When you think of the men and women who work at the ports of entry for the Office of Field Operations, you may wonder what connection they TMd have with a popular tourist attraction in the valley?
It literally draws in thousands of visitors each year, especially during peak Winter Texan months.
Welcome to the Los Ebanos crossing featuring the only remaining hand-pulled ferry on the U.S.-Mexico border.
Although this official crossing looks entirely different than those in Hidalgo or Brownsville officers conduct the same type of operations as in large scale port of entry but of course at a much slower pace.
The big difference as you can see back here, only three vehicles can come over at a time, said Leopoldo Reye Assitant Port Director at the Rio Grande City Port of Entry. As far as the technology for fast and all that, we'll that is as fast as it is going to get!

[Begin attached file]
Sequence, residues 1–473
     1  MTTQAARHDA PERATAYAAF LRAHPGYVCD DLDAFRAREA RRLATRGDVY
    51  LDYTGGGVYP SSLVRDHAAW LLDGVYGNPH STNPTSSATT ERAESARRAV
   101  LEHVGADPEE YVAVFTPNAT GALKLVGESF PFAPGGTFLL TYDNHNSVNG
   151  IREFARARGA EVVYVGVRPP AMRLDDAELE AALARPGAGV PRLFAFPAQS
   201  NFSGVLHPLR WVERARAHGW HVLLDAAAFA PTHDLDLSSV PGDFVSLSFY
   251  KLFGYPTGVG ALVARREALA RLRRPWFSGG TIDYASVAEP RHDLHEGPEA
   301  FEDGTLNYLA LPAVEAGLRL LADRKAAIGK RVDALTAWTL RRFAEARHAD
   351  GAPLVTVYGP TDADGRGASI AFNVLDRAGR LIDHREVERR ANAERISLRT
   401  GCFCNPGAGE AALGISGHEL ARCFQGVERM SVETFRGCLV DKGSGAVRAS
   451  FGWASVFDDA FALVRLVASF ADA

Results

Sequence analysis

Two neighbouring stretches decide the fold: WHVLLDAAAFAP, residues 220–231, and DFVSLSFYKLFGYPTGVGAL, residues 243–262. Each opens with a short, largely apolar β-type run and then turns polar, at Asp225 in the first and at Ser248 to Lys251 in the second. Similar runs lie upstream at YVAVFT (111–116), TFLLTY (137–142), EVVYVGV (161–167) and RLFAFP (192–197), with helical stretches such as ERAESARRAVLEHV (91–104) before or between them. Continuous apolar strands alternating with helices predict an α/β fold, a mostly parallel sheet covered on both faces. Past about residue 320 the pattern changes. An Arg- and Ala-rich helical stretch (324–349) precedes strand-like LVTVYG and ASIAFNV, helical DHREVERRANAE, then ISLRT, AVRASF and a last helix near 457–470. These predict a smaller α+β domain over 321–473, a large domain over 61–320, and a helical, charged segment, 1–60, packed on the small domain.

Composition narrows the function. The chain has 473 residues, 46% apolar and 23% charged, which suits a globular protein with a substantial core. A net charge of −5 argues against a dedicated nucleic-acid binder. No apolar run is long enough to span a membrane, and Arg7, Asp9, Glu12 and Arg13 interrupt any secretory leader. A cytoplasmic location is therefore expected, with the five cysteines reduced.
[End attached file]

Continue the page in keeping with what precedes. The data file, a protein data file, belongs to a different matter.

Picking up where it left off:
That's right, the ferry accommodates only three cars and 12 pedestrians at one time but there are some changes on the horizon.
For years officers have worked at a small inspection station but in the next year a new inspection station will be constructed at this site, this artist rendition provides a first look at what is long overdue according to officials there.
We've been waiting for 10 years and now this next year that it's going to be ongoing| we can't wait for January 2013 to come around, said Reyes.
Until then, officers will maintain daily operations they said are unlike any other port of entry.
The Los Ebanos crossing is also known locally as Los Ebanos-San Miguel Camargo and Ferry Daz Ordaz-Los Ebanos.
Although the crossing has been in operation since the 1950s, the current ferry has been operating since 1979 and was recognized with a state historical marker in 1975.